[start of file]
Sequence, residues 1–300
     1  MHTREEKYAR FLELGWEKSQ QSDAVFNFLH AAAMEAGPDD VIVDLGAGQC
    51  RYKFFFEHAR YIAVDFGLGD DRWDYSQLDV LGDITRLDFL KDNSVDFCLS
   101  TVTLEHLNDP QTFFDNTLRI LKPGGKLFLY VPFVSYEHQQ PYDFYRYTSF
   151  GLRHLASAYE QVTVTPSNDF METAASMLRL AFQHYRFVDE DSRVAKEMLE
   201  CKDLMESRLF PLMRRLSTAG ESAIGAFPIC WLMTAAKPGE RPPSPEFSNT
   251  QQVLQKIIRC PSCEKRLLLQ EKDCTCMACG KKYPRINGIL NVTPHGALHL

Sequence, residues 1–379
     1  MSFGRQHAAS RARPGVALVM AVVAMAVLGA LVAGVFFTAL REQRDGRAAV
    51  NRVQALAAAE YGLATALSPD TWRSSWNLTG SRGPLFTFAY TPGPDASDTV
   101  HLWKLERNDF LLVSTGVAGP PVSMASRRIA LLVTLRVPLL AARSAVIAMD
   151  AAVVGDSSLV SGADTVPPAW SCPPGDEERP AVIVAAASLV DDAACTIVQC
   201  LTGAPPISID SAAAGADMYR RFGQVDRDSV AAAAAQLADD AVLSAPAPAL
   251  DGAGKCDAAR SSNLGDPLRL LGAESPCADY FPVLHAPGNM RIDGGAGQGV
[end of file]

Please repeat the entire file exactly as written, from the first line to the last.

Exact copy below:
Sequence, residues 1–300
     1  MHTREEKYAR FLELGWEKSQ QSDAVFNFLH AAAMEAGPDD VIVDLGAGQC
    51  RYKFFFEHAR YIAVDFGLGD DRWDYSQLDV LGDITRLDFL KDNSVDFCLS
   101  TVTLEHLNDP QTFFDNTLRI LKPGGKLFLY VPFVSYEHQQ PYDFYRYTSF
   151  GLRHLASAYE QVTVTPSNDF METAASMLRL AFQHYRFVDE DSRVAKEMLE
   201  CKDLMESRLF PLMRRLSTAG ESAIGAFPIC WLMTAAKPGE RPPSPEFSNT
   251  QQVLQKIIRC PSCEKRLLLQ EKDCTCMACG KKYPRINGIL NVTPHGALHL

Sequence, residues 1–379
     1  MSFGRQHAAS RARPGVALVM AVVAMAVLGA LVAGVFFTAL REQRDGRAAV
    51  NRVQALAAAE YGLATALSPD TWRSSWNLTG SRGPLFTFAY TPGPDASDTV
   101  HLWKLERNDF LLVSTGVAGP PVSMASRRIA LLVTLRVPLL AARSAVIAMD
   151  AAVVGDSSLV SGADTVPPAW SCPPGDEERP AVIVAAASLV DDAACTIVQC
   201  LTGAPPISID SAAAGADMYR RFGQVDRDSV AAAAAQLADD AVLSAPAPAL
   251  DGAGKCDAAR SSNLGDPLRL LGAESPCADY FPVLHAPGNM RIDGGAGQGV